Please use this identifier to cite or link to this item: http://ktisis.cut.ac.cy/handle/10488/10090
Title: Prevalence of primary ciliary dyskinesia in consecutive referrals of suspect cases and the transmission electron microscopy detection rate: A systematic review and meta-analysis
Authors: Kouis, Panayiotis 
Yiallouros, Panayiotis K. 
Middleton, Nicos 
Evans, John S. 
Kyriacou, Kyriacos C. 
Papatheodorou, Stefania 
Keywords: Primary ciliary dyskinesia;Patients;Children;TEM
Category: Health Sciences
Field: Medical and Health Sciences
Issue Date: 1-Mar-2017
Publisher: Nature Publishing Group
Source: Pediatric Research, 2017, Volume 81, Issue 3, Pages 398-405
metadata.dc.doi: http://dx.doi.org/10.1038/pr.2016.263
Abstract: Diagnostic testing for primary ciliary dyskinesia (PCD) usually includes transmission electron microscopy (TEM), nasal nitric oxide, high-speed video microscopy, and genetics. Diagnostic performance of each test should be assessed toward the development of PCD diagnostic algorithms. We systematically reviewed the literature and quantified PCD prevalence among referrals and TEM detection rate in confirmed PCD patients. Major electronic databases were searched until December 2015 using appropriate terms. Included studies described cohorts of consecutive PCD referrals in which PCD was confirmed by at least TEM and one additional test, in order to compare the index test performance with other test(s). Meta-analyses of pooled PCD prevalence and TEM detection rate across studies were performed. PCD prevalence among referrals was 32% (95% CI: 25-39%, I 2 = 92%). TEM detection rate among PCD patients was 83% (95% CI: 75-90%, I 2 = 90%). Exclusion of studies reporting isolated inner dynein arm defects as PCD, reduced TEM detection rate and explained an important fraction of observed heterogeneity (74%, 95% CI: 66-83%, I 2 = 66%). Approximately, one third of referrals, are diagnosed with PCD. Among PCD patients, a significant percentage, at least as high as 26%, is missed by TEM, a limitation that should be accounted toward the development of an efficacious PCD diagnostic algorithm.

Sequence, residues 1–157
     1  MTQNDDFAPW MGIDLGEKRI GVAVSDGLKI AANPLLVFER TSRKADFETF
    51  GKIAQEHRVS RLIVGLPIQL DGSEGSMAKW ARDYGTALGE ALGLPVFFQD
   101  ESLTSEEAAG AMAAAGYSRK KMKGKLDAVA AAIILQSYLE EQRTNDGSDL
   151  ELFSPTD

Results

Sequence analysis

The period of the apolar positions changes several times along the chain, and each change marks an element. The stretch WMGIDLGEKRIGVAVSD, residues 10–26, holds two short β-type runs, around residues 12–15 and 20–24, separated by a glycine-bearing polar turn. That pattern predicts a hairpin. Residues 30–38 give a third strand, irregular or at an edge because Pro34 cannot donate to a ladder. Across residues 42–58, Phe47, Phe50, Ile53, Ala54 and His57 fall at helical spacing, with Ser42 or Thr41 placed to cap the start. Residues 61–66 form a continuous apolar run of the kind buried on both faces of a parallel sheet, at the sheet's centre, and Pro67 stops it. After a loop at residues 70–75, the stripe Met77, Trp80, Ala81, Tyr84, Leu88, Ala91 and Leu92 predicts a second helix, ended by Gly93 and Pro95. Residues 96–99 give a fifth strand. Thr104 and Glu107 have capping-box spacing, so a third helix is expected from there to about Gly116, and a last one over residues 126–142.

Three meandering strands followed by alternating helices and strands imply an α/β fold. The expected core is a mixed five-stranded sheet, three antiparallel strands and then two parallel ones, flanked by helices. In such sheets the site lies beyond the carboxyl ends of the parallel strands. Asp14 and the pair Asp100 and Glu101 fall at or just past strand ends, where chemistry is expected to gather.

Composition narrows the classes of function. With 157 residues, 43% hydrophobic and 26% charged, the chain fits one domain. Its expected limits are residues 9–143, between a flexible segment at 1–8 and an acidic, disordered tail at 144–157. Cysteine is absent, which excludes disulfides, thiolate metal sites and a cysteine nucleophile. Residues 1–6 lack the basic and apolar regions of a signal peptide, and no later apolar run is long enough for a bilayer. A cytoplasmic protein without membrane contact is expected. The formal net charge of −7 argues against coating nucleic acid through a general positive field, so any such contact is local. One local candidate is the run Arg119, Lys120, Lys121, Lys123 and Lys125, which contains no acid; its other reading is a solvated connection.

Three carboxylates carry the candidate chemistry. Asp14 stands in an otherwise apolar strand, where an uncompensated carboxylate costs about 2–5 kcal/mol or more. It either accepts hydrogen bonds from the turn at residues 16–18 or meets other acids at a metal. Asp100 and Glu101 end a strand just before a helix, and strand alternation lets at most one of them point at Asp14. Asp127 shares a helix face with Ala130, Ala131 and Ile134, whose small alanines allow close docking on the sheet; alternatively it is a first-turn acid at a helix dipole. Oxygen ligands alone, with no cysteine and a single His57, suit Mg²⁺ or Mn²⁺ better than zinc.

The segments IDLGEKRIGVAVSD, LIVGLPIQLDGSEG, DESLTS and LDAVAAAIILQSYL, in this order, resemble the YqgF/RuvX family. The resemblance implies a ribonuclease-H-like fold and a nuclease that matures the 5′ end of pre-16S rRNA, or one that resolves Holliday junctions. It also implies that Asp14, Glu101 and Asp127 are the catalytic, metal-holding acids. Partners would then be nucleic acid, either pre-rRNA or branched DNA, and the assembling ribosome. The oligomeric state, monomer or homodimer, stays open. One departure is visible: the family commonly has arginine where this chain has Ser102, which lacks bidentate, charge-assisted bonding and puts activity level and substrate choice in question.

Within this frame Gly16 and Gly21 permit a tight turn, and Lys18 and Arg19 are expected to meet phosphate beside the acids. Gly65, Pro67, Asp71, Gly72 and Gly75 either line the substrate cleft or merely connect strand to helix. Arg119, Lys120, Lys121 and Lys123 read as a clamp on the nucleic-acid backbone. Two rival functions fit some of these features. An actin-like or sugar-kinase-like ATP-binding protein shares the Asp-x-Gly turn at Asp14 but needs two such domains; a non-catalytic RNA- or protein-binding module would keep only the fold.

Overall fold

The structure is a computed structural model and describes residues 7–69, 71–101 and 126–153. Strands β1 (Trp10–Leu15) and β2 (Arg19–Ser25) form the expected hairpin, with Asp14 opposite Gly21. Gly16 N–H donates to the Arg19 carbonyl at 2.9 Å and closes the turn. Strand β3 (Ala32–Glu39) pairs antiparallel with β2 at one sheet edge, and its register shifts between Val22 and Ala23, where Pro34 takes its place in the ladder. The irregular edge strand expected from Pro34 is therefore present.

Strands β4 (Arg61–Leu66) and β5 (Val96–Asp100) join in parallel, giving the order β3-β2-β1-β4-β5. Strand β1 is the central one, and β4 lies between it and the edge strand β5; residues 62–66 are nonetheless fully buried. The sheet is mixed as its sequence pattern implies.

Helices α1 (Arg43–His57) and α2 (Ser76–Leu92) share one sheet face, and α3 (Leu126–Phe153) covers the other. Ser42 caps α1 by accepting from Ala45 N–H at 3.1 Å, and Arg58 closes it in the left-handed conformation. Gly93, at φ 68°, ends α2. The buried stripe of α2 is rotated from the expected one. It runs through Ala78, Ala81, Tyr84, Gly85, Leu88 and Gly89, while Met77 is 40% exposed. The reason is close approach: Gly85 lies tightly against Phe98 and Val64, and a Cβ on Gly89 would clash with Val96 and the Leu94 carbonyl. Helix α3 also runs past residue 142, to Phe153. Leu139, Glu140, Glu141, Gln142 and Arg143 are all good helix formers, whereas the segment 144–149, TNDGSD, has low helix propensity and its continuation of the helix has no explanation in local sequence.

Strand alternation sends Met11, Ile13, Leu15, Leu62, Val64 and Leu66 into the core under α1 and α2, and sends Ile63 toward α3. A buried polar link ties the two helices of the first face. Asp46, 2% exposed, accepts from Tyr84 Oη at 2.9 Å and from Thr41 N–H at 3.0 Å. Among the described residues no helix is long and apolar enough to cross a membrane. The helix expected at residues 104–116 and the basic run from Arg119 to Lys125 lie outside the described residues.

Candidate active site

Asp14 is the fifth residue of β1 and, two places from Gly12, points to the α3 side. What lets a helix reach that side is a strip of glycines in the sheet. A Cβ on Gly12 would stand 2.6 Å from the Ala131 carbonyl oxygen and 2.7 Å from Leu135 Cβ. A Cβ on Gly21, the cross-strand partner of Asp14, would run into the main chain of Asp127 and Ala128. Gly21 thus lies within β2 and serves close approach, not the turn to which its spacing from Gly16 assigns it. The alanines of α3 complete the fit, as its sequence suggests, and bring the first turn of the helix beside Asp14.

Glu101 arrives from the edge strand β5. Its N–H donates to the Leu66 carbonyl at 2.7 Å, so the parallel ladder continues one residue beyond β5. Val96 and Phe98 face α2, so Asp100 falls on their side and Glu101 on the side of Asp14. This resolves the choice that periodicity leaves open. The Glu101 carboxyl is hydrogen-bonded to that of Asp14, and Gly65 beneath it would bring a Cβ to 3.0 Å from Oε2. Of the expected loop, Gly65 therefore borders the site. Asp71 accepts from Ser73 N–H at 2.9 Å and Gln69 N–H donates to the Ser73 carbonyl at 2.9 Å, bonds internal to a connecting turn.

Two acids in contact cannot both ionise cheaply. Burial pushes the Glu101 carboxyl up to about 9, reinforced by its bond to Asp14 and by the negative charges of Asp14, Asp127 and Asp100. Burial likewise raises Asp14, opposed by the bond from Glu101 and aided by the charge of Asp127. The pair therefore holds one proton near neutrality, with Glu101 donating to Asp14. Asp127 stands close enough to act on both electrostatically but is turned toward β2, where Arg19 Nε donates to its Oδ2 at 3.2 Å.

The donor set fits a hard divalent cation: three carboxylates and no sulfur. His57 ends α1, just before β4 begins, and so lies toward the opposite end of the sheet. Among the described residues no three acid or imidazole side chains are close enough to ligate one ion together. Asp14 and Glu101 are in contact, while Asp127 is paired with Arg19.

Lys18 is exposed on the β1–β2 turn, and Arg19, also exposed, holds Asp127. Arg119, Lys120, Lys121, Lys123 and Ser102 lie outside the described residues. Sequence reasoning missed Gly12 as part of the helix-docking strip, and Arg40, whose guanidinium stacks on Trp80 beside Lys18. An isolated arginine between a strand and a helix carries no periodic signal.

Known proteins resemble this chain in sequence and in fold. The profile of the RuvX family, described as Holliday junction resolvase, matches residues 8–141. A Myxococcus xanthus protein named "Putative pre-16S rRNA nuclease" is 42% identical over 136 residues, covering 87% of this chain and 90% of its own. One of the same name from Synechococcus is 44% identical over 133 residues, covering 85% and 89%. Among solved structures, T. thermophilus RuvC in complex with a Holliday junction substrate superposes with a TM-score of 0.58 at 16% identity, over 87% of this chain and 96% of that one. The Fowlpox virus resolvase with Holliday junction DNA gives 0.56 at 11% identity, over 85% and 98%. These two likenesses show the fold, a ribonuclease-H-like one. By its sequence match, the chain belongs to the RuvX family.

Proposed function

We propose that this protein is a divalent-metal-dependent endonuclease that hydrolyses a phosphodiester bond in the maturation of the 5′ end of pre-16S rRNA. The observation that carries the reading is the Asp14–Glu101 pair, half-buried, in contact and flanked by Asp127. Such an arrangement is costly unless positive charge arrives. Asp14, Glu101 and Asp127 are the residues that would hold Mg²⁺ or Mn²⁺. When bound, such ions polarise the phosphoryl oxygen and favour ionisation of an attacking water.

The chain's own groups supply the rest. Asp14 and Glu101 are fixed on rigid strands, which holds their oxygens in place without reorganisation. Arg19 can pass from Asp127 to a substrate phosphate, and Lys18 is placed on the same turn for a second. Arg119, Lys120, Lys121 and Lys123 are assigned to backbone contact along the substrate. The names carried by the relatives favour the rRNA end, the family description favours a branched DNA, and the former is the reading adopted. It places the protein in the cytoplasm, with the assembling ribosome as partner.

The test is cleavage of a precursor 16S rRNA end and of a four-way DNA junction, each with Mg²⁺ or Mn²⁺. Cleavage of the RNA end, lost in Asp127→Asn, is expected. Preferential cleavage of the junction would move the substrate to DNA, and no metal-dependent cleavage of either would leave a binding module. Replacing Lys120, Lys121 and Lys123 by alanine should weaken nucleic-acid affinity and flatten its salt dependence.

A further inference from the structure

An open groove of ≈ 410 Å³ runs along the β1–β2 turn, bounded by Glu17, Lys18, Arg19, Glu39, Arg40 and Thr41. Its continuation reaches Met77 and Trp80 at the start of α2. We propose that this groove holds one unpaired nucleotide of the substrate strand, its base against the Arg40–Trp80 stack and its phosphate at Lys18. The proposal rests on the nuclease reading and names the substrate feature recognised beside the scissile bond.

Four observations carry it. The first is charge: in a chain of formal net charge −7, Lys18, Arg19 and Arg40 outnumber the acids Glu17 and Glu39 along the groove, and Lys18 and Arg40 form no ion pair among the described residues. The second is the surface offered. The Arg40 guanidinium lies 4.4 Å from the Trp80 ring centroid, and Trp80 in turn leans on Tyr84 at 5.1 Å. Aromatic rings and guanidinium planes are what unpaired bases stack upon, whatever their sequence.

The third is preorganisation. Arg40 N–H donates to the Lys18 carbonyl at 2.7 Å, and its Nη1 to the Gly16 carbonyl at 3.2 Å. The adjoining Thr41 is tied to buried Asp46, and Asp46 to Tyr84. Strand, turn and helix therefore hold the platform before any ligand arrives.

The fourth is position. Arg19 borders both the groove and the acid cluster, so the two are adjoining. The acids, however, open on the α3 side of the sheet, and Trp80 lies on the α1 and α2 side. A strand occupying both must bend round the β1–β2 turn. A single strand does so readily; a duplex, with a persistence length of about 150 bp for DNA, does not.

URI: http://ktisis.cut.ac.cy/handle/10488/10090
ISSN: 00313998
Rights: © 2017 International Pediatric Research Foundation, Inc.
Type: Article
Appears in Collections:Άρθρα/Articles

Show full item record

Page view(s)

27
Last Week
1
Last month
4
checked on Nov 21, 2017

Google ScholarTM

Check


Items in DSpace are protected by copyright, with all rights reserved, unless otherwise indicated.